Meters, grants, protective gear among topics discussed by Cumby Town Council

Members of Cumby Town Council discussed a number of topics including water meters, grant opportunities, safety equipment and equipment for town employees. The meeting took place in the municipal building, with room for 10 in-person participants only, but made available to others via Zoom video conferencing.

Water meters

Doug Simmerman

Mayor Doug Simmerman at the Tuesday evening meeting asked Cumby City Council to consider potentially replacing the RG3 water meters currently in use with new main meters. The readers are designed to digitally read the amount of water used nearby, without manual reading. Some are not functioning properly and the city is unable to say how much water has been used. When this happens, the city must average the bill or charge at the base rate. The Master Meter would allow the meter reader, if the device does not get a reading on the meter, to stop and get a manual meter reading. This would provide an accurate reading whether the vehicle is equipped with a reading system or not.

Simmerman noted that the package presented to council members included three quotes from Underground Utility Supply, a distributor that priced meters in different purchase increments, so not all meters had to be purchased at once, but could be purchased in increments.

Another council member suggested checking to see if there are any grants the city could potentially apply for to help cover the cost of replacement meters. No action was taken on the recommended buy on Tuesday night.


The contract for the new lifting station has been awarded. A pre-construction meeting is scheduled for the 21st. The project schedule should be discussed. No start date has yet been announced. The project requires the ordering of three water pumps. Officials were told that it usually takes 3 months to get them. A grant helps fund the project.

Jake McAdams of Public Management spoke with city officials about helping them prepare for a grant application from the Community Development Block Grant Program’s Community Development Fund. Amounts of $50,000 to $350,000 may be requested to help fund water and sewer, drainage, gas system, road and street improvements, or solid waste/landfill disposal for improve public facilities to meet basic needs or eliminate unsafe conditions. The city would only be responsible for

McAdams noted that the scoring system for grants has changed over the past year, but the town of Cumby could still have a competitive change when making an infrastructure grant. If approved, the city could potentially receive funding in the fall of 2022. A 5% match would be required. Public management would help coordinate engineering and any other requirements for the grant. The city would be overpriced to issue three public notices in advance. If approved, public management would receive payment from the grant funding. Key elements of grant application scoring include whether or not the city has received a grant in the last 5 years and the percentage of match; median household income is another factor that can be taken into account. If the city goes out for a grant, the application would be submitted for approval in the spring.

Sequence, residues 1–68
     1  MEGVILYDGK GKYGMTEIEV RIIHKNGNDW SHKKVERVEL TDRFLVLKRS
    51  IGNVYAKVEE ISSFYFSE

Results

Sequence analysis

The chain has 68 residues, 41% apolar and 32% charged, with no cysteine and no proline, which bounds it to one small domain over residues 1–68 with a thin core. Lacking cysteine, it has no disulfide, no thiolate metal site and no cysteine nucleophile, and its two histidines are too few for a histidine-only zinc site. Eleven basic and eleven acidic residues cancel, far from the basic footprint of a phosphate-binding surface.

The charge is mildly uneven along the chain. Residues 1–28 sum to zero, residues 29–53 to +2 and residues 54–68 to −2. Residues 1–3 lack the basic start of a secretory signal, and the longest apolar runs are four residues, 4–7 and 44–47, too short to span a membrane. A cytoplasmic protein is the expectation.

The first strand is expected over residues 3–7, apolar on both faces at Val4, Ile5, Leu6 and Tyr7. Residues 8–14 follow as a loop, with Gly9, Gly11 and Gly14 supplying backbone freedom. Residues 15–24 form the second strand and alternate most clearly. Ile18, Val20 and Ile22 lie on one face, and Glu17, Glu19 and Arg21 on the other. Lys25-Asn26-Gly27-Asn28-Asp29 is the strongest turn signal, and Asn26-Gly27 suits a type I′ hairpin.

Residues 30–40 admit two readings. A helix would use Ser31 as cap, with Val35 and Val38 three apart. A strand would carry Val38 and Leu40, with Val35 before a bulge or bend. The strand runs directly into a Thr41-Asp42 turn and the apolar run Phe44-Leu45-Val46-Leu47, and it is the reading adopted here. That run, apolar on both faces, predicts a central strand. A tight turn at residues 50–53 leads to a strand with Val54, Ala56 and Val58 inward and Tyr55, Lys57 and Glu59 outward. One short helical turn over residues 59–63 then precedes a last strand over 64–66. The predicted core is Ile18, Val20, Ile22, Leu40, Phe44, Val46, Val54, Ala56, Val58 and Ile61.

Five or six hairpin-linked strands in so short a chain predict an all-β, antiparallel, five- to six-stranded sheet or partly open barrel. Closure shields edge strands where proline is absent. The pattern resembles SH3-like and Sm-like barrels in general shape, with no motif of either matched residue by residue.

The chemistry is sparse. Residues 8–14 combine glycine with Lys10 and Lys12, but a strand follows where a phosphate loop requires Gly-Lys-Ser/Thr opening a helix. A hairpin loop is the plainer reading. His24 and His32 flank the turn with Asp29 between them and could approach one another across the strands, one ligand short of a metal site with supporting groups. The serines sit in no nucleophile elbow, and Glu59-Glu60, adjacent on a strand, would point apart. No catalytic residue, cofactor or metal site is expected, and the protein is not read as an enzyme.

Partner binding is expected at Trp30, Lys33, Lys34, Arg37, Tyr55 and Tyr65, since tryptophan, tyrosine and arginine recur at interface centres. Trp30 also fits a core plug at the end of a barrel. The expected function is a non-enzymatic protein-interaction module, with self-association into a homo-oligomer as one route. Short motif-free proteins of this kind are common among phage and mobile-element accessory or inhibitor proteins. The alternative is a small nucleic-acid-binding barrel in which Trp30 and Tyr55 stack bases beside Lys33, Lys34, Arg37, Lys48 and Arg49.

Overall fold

Other items

The city council discussed possible action on the property at 204 Mill St. The structure had been condemned, a city official reported. One owner is said to have died. Further research is needed to be able to contact the next owner so that something can be done about the unsightly health/safety issue.

Place 1 Alderman Sheryl Lackey recommended that a committee be formed to review policies and procedures and positions in the personnel policy and employee handbook to include updated language and unspecified legal requirements for put the city in a better position to protect citizens and employees. A subcommittee including Lackey, Place 4 Alderman Betty McCarter and City Attorney Leigh Thompson was formed.

Lackey also asked the city to begin researching potential grants for safety equipment and personal protective equipment to better protect city public works employees. She said she met with them and asked what could be done to better help them do their job. Some issues have been raised as security issues. She said they don’t meet OSHA standards. It was pointed out that these employee regulations fall under the health and safety code.

The municipal clerk has been appointed to undergo training on the law on the investment of public funds.

The city attorney was authorized to create or approve an employment contract for police department employees.

A request for the small section of the Cumby town limits in Hunt County to be included in a proposed emergency services district was also discussed.

No action was taken regarding the possible involvement of agricultural students in the creation of a book exchange or the repair of the park toilets, as the other parties who were to be involved in the two projects were affected by COVID-19.

Town of Cumby Municipal Building
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